In this study, the transmitter is assumed to be a far-field narrowband source, and we only consider the localization of CD sources based on the DOA information. receivers and transmitters, which are all stationary, are employed. All receivers equipped with a uniform linear antenna array are synchronized. The array is composed of sensors with the first sensor located at , , and the adjacent sensors are spaced at . The transmitters are located at , . The signals of different transmitters are independent of each other. At the receiver, the received signal can be expressed as [14]where is the steering vector of the transmitter, is the angular density signal, and is the statistically independent complex Gaussian noise. is the central direction of arrival as shown in

For the CD sources, the angular density signal can be expressed aswhere is the deterministic distributed function with the symmetric center of satisfying the following condition:

We let be the modified steering vector which can be expressed asThen the observed signal can be sampled aswhere is the th samples of , is the th samples of , and is the number of samples. We let and , where denotes the position vector of all transmitters. The received signal is then expressed as

Based on the received signal according to (7), the problem addressed here is to estimate the source positions directly without explicitly computing the DOAs. The subsequent section will describe the novel DPD algorithm in detail.

4. DPD Algorithm of CD Noncircular Sources

4.1. NCSDF-DPD Algorithm

Based on the system model proposed in Section 3, is closely related to the deterministic distributed function . According to (6), when , can be obtained, which is the same as that of the point source model. When is a complex function, obtaining the analytical expression of is difficult. Thus, the proposed algorithm is analyzed using the Gaussian angle of arrival (GAA) channel model as an example, similar to that in [30], to discuss the localization performance conveniently. The process employed in this study can be used as reference for the analysis of the performance of other distributed functions.

Based on the GAA channel model, the distribution of the angle perturbations generated by the scatterers is Gaussian with the mean of and the standard deviation of , such that the th element of can be expressed as where denotes the th element of . is given byIn general, the distribution of the scatterers around the transmitter is assumed to be circular symmetric, and the variance of the distribution radius is set as . Thus can be approximated as [30]where is the distance between the transmitter and the receiver. We then have the simplified form of (8) as follows [12]:where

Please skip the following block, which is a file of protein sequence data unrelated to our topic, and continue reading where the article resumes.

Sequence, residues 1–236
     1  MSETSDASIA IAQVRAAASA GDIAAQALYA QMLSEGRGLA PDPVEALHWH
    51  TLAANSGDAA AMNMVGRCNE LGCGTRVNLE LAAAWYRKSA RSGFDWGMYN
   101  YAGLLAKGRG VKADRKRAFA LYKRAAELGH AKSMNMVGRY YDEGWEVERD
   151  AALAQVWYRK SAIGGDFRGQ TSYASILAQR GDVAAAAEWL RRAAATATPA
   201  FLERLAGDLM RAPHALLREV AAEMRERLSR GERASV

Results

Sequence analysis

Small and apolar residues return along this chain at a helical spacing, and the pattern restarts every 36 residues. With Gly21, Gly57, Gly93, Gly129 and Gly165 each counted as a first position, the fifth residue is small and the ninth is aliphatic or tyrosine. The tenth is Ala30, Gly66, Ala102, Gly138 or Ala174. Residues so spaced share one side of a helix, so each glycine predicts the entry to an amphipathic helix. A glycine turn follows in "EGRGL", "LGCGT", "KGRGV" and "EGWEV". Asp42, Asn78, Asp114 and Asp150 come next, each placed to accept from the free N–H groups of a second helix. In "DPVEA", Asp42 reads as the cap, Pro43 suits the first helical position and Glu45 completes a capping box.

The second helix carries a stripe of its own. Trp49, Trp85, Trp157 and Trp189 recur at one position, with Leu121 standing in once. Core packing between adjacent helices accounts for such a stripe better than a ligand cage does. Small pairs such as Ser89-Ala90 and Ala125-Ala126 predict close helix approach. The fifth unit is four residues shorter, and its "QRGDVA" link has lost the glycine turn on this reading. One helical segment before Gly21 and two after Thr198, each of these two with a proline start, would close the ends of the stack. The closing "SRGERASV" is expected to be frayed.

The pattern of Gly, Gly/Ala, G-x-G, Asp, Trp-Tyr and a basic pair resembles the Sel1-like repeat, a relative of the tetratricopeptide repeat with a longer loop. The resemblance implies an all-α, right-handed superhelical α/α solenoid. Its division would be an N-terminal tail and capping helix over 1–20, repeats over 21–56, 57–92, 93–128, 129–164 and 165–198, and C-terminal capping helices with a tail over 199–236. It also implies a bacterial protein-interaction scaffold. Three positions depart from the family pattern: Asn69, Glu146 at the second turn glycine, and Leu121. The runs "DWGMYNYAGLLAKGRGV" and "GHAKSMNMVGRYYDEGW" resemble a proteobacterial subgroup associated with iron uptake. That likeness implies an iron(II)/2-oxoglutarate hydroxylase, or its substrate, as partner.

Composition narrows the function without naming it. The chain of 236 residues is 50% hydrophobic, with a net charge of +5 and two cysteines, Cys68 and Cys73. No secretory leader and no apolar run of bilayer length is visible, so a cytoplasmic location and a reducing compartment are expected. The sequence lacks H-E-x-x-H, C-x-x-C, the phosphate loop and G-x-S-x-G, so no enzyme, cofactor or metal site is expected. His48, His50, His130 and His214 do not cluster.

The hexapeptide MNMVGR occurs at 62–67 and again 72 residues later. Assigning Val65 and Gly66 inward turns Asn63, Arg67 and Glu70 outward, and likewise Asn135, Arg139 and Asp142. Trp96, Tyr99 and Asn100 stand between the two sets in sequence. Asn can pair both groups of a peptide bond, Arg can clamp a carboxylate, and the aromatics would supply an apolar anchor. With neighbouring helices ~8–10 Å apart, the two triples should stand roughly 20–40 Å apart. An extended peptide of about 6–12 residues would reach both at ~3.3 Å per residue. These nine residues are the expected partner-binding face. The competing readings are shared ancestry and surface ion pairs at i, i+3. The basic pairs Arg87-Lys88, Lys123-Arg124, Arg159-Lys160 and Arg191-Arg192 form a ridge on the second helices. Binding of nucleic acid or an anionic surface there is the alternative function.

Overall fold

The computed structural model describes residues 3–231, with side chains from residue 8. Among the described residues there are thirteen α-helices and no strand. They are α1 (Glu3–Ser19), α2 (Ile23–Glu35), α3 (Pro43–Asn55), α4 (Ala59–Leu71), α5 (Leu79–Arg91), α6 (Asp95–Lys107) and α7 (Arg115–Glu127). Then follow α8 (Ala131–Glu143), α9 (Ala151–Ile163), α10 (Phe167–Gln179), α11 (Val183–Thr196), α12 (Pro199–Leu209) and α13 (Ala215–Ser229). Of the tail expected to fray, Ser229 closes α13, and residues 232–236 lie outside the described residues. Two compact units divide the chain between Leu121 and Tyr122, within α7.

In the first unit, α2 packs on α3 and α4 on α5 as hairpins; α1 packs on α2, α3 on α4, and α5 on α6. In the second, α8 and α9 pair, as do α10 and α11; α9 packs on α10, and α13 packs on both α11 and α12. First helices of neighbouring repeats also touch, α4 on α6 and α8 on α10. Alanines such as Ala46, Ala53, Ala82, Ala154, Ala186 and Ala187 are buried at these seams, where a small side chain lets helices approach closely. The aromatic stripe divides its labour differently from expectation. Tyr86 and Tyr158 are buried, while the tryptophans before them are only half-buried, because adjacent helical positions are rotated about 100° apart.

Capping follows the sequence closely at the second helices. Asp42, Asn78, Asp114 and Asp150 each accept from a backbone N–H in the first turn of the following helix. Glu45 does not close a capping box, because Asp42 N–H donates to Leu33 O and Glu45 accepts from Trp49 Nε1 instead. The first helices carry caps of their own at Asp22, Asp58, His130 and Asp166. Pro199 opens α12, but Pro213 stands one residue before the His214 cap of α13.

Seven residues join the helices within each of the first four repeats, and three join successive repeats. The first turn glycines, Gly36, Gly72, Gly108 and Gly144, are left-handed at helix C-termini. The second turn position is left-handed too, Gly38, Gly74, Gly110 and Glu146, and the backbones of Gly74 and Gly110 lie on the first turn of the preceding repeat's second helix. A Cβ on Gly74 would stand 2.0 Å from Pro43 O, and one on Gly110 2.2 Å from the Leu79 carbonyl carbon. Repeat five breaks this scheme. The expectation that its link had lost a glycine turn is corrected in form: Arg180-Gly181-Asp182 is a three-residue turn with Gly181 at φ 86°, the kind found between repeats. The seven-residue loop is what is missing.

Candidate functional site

Through the previously presented analysis, the analytical expression of is obtained. The covariance matrix of is expressed in the following form:where is the noise power, is the identity matrix, and is the covariance matrix of signals. The position information of the transmitters is included in . In [30], the CML-DPD method is proposed; however, the signal waveform should be known in advance and the computation cost is high when dealing with multitarget localization. Thus, we propose a novel SDF-DPD algorithm based on the characteristics of noncircular signals to achieve improved positioning accuracy of CD sources.

We briefly describe the statistical properties of noncircular signals. is considered to be circular if , , whereas is considered to be noncircular if . Moreover, if is a noncircular signal with zero mean, then its variance and unconjugated variance satisfy the following condition:where is the noncircularity rate and is the noncircularity phase. Given that the common signals, such as BPSK, MASK, and AM, are the strict-sense noncircular signals with the maximum noncircularity rate (), we only analyze the localization of strict-sense noncircular signals in this study. By substituting into (15), the unconjugated covariance matrix of can be given aswhere . The diagonal elements are related to the noncircularity phases. The unconjugated covariance matrix of can then be expressed as

We extend the observed signal as to apply the unconjugated property of noncircular signals. Then the covariance matrix of is structured asWe letWe set , where and . Thus (18) can be rewritten as

From the previously presented analysis, the dimension of the virtual steering vector is twice as more than that of the original steering vector . By exploiting the characteristics of noncircular signals, the array aperture can be expanded, which will improve localization accuracy. Given that the virtual steering vectors of each source are independent, the subspace method can be used to reduce the dimension of the parameters to be estimated, which will significantly reduce the computation cost. The subspace decomposition of can be given bywhere is the eigenvalue and is the eigenvector. Let be the signal subspace and be the noise subspace. Given that is orthogonal to , can be obtained. We can then derive the following cost function:

The target position can be obtained by determining the minimum of . In reducing the number of estimated parameters further, we determine that is unrelated to the target position, such that it can be removed [14]. Based on the characteristics of noncircular signals, the following expression can be obtained:where and have the same dimension. Then (22) can be rewritten aswhere